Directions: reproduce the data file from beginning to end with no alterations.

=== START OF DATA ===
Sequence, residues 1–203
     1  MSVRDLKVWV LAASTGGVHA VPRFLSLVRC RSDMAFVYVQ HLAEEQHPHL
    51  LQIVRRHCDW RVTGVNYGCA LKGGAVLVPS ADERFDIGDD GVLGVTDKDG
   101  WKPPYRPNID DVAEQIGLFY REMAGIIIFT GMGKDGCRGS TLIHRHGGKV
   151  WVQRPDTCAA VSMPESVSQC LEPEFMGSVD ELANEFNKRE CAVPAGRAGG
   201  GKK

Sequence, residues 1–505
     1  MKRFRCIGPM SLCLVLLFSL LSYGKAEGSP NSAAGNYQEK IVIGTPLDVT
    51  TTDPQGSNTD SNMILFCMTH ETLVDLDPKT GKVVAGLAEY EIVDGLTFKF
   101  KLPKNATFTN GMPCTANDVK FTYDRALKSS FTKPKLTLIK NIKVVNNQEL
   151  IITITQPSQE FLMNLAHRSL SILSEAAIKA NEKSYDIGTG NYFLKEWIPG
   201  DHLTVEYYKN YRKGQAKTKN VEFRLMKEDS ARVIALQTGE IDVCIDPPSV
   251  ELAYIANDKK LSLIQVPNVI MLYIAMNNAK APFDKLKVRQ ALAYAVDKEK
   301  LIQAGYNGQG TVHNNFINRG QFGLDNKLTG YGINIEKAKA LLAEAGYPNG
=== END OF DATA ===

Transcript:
Sequence, residues 1–203
     1  MSVRDLKVWV LAASTGGVHA VPRFLSLVRC RSDMAFVYVQ HLAEEQHPHL
    51  LQIVRRHCDW RVTGVNYGCA LKGGAVLVPS ADERFDIGDD GVLGVTDKDG
   101  WKPPYRPNID DVAEQIGLFY REMAGIIIFT GMGKDGCRGS TLIHRHGGKV
   151  WVQRPDTCAA VSMPESVSQC LEPEFMGSVD ELANEFNKRE CAVPAGRAGG
   201  GKK

Sequence, residues 1–505
     1  MKRFRCIGPM SLCLVLLFSL LSYGKAEGSP NSAAGNYQEK IVIGTPLDVT
    51  TTDPQGSNTD SNMILFCMTH ETLVDLDPKT GKVVAGLAEY EIVDGLTFKF
   101  KLPKNATFTN GMPCTANDVK FTYDRALKSS FTKPKLTLIK NIKVVNNQEL
   151  IITITQPSQE FLMNLAHRSL SILSEAAIKA NEKSYDIGTG NYFLKEWIPG
   201  DHLTVEYYKN YRKGQAKTKN VEFRLMKEDS ARVIALQTGE IDVCIDPPSV
   251  ELAYIANDKK LSLIQVPNVI MLYIAMNNAK APFDKLKVRQ ALAYAVDKEK
   301  LIQAGYNGQG TVHNNFINRG QFGLDNKLTG YGINIEKAKA LLAEAGYPNG